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Most read articles
|1106 PD: In the news|
|Archives - Past Articles|
|Friday, 10 November 2006 06:40|
Solid demand outlook for dairy
— From USDA press release
BSE resources available online
— From California Dairy Research Foundation
Farm groups fight for milk price hike
Farm profitability has taken a major hit, largely due to plummeting milk prices. At the same time, costs for fuel, energy, interest rates and labor have increased at a staggering rate – forcing farm families into financial upheaval.
In New York, the cooperatives have asked legislators for an emergency pricing program that would secure $1.00/hundredweight for farmers on milk produced from April to September 2006. Income from the proposed emergency pricing program would allow producers to stabilize their businesses and recover financially. In addition, Dairylea and DFA are urging their New York members to contact legislators so they hear from farmers directly.
Currently, support initiatives in Vermont, Connecticut and Maine allow states to supplement milk prices in an effort to help farmers and reinforce the dairy industry. New York dairy producers will need similar state support to remain competitive in the Northeast milk market.
Dairylea and DFA have also led the way in the formation of a new milk pricing agency for the region. The newly formed agency will coordinate the efforts of regional cooperatives to secure better milk prices for dairy producers. The development of a Northeast agency comes at a time when New York’s dairy farmers are struggling to stay in business due to an extremely volatile marketplace. Additionally, producers are facing higher production costs from energy, labor, and interest. Immediate areas of concern for the agency are fair rbST-free milk pricing as well as legislative policies impacting the price structure for New York’s dairy farmers.
“Dairylea, DFA and their cooperative partners are working tirelessly to boost producer payments in New York and beyond,” said Greg Wickham, CEO of Dairylea Cooperative. “Our members need help now. We’re not simply interested in their survival but their ability to thrive.”
Cooperatives are also strongly encouraging states with specific milk pricing laws to utilize them to increase farmer premiums. At this time, ongoing discussions are being held in order to investigate all options available to increase premiums.
“Quality of life is at stake for our producers – the collaborative efforts of the region’s largest dairy cooperatives will help regain control over the marketplace as well as encourage legislators to take notice of this issue. New York has been a major player on the agricultural scene and it needs fiscal backing in order to contribute to the state and national economy,” said Leon Graves, Director of Industry Affairs for Dairylea Cooperative Inc.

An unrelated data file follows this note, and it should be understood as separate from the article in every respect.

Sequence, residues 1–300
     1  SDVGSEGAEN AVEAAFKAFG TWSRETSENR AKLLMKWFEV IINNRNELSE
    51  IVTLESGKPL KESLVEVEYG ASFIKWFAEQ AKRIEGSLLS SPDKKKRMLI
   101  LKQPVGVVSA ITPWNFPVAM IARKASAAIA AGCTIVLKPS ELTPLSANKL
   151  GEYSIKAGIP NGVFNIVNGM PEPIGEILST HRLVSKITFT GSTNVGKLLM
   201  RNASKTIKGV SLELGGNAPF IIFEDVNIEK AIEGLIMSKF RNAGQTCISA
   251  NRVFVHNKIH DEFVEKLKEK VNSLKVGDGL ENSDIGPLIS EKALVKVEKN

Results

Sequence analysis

Dairylea and DFA are in favor of extending the collaborative efforts in the Northeast throughout the East coast. Milk pricing agencies in other areas of the country have achieved improved milk pricing by allowing producers and cooperatives to partner. Working together, dairy cooperatives in the Northeast can secure a better price structure for producers.
“We are encouraged by this newly formed Northeast alliance and believe it’s a positive step towards better pricing for dairy producers,” said Clyde Rutherford, President of Dairylea Cooperative. “The leadership of Dairylea and DFA are committed to the ongoing efforts of the milk pricing agency as well as developing measures at the cooperative level that will benefit our members during this difficult time. In the interim, as the agency gears up, our farmers need financial support from the legislature to help them stay in business.”
—From St. Albans Messenger
New analysis says CWT boosts milk checks by 40 cents
The analysis was performed by Dr. Scott Brown of the University of Missouri, a nationally-known farm policy expert who is often called on by the U.S. Congress to assess agricultural economic issues. Brown examined the impact of CWT’s three herd retirements, plus its ongoing export assistance program, while also taking into consideration other factors affecting the dairy supply in 2003-2006, such as the relative shortage of Canadian dairy replacements. His analysis showed that CWT alone was responsible for a minimum 40-cent average increase in prices from 2004-2006, apart from the other factors affecting the market.